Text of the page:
- Communes rule people’s lives with police-state style rules (GL: okay, at this point the writer veers off into fiction, with visits from Interpol and commune rules about flowerbox colours, which is fun, but I’m starting to wonder if she really caught that EasyJet flight or just cobbled together the story over a nice cup of tea in London.)
- CHF40 an hour for cleaning help. (GL: that’s the rate you pay for a cleaning company, not a regular cleaning woman, who gets CHF20-25, and for this you get someone who is used to cleaning to Swiss standards, which is nice)
- Crans-Montana is not as well known as Gstaad because wealth whispers. (GL: Rubbish. Italians have been flaunting wealth for years in Crans-Montana, but the Brits don’t mingle with them – a language problem?)
- You can’t make friends in Switzerland. It’s an expat’s life or nothing (GL: The woman quoted is 26, can’t have been here long or have lived in many cities, and she goes home to London every weekend – a little reminder needed here that life in any city is what you make it, but you do have to make an effort).
- Switzerland, and especially Geneva, is racist (GL: Calling kettles black, etc. – look around you when you get back home).
The Times is having a hayday with Geneva-drubbing in its Sunday 16 January edition: we get another Times article, by a different Times writer, saying Geneva has no nightlife, so it won’t be able to attract London’s high-flying financial companies. He quotes the Economic Development agency in the city and some relocation agencies, looks briefly at the Glocals.com website. He doesn’t find much going on. It’s not at all clear that he actually visited Geneva to write this. He makes the weird remark that a lack of nightlife and no show-off flashy lifestyles “constitutes one of the main obstacles facing Geneva, along with the rest of Switzerland, in the quest to attract the financial sector away from London.” (GL: Surely people with the smarts to make that kind of money can figure out how to spend it having fun? And outside London, not many people think Switzerland is scrambling hard to attract these people.)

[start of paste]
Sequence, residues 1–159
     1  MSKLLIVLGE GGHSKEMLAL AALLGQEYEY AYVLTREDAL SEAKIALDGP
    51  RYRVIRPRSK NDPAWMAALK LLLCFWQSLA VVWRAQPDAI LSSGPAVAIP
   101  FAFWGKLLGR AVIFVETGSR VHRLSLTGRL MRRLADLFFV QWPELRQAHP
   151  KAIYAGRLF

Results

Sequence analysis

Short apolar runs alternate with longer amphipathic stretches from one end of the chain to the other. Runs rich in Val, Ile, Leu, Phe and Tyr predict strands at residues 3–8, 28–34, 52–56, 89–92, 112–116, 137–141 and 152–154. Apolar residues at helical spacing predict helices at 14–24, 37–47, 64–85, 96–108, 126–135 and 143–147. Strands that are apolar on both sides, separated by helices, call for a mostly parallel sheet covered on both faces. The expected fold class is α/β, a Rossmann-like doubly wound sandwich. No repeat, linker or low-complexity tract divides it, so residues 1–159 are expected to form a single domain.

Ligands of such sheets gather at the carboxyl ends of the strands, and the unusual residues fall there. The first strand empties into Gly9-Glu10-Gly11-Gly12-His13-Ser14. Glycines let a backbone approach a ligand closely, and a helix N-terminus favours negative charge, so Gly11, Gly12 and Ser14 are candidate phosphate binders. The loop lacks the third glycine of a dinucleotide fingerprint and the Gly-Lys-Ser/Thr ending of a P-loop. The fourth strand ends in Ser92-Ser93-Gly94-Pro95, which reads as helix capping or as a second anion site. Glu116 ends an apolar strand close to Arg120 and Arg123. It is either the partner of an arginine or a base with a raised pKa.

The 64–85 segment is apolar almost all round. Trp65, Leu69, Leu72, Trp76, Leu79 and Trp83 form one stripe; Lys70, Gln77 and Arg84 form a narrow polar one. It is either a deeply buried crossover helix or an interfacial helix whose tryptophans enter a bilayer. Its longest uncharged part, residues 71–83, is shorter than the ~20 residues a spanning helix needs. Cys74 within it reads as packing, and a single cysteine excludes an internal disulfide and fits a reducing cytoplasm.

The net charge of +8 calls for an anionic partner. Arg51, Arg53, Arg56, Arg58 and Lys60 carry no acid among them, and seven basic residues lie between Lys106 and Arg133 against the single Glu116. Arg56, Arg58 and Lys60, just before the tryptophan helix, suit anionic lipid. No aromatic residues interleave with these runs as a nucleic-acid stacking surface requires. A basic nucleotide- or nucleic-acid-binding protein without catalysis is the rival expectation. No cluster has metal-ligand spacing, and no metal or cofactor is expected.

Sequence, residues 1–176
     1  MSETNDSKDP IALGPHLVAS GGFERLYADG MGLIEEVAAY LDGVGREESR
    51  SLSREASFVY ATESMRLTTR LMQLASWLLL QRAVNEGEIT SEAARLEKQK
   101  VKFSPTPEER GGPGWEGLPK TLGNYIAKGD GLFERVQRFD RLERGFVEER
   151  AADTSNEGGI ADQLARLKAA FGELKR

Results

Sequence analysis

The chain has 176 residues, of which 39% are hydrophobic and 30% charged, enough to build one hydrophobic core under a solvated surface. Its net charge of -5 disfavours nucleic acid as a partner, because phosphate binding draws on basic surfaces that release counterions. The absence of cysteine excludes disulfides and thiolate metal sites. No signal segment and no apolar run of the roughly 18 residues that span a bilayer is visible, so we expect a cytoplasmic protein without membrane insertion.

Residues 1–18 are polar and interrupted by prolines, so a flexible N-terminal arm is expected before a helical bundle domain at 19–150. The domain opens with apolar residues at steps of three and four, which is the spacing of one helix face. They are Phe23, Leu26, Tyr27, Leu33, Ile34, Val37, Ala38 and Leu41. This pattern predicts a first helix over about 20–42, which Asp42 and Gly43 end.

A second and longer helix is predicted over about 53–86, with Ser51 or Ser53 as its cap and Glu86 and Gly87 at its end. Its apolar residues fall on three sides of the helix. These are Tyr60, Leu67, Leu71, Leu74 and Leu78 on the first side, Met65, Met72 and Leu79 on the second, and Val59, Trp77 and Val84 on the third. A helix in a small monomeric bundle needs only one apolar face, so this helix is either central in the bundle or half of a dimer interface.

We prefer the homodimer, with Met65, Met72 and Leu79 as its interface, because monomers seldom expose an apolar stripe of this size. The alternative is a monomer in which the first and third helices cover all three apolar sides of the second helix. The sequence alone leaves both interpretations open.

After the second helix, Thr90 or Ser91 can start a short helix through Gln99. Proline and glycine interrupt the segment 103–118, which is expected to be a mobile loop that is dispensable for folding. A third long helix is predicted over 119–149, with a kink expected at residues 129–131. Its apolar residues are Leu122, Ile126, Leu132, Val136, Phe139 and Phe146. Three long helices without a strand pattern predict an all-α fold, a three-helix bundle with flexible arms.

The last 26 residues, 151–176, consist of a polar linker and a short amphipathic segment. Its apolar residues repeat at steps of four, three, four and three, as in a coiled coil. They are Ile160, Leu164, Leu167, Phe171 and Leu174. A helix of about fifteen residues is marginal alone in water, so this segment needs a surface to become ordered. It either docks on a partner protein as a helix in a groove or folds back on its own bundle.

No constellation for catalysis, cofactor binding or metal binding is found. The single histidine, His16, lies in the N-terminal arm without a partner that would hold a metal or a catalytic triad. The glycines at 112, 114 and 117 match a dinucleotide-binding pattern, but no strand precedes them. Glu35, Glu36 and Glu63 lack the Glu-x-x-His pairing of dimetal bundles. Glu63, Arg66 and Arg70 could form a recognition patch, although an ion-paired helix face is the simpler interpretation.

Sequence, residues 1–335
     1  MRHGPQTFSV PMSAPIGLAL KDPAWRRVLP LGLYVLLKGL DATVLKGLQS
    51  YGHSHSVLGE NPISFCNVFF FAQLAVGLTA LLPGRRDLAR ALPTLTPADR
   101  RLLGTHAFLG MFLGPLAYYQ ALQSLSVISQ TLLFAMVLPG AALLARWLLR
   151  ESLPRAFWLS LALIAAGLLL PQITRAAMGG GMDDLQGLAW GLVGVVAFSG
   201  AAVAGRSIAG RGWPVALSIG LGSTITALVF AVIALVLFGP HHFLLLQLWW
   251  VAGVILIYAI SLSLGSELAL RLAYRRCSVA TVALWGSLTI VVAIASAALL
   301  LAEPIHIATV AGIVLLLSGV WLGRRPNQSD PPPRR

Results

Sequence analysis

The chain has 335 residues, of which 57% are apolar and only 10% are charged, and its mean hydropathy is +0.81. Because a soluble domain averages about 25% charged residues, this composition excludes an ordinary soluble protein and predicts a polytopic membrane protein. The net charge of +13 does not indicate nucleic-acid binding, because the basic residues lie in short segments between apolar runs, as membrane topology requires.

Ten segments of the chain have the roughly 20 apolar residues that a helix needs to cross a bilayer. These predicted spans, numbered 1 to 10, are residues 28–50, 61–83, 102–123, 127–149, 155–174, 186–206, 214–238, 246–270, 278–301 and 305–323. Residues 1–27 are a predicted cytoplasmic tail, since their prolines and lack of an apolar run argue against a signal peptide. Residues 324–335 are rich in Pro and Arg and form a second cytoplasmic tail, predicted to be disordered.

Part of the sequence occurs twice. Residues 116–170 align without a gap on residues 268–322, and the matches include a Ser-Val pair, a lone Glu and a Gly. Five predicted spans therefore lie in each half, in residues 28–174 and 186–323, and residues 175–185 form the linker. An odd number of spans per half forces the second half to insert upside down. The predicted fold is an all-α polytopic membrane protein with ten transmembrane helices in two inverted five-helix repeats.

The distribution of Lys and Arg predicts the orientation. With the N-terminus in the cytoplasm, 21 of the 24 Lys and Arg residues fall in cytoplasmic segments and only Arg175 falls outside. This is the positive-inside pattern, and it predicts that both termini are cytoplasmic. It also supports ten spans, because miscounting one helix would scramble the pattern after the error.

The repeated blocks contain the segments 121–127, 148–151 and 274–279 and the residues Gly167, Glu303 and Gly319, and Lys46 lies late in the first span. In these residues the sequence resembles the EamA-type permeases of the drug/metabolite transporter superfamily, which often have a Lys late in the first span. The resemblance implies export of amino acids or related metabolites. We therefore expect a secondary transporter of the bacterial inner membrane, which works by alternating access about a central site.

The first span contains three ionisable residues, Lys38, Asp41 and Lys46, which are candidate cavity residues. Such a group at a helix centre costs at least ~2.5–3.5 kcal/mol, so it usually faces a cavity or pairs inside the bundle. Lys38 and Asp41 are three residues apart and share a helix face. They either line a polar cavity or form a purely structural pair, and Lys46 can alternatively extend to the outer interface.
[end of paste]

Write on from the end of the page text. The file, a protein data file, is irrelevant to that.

And then the Telegraph jumps into the fray, but with a much more upbeat story, which appears the same day. I suspect they heard about the Times articles and decided to write the opposite story. But it, too, suggests London’s financial crowd wants its Little London in Zug or Geneva. Some do. Many don’t, from what I’ve seen.
From the Telegraph: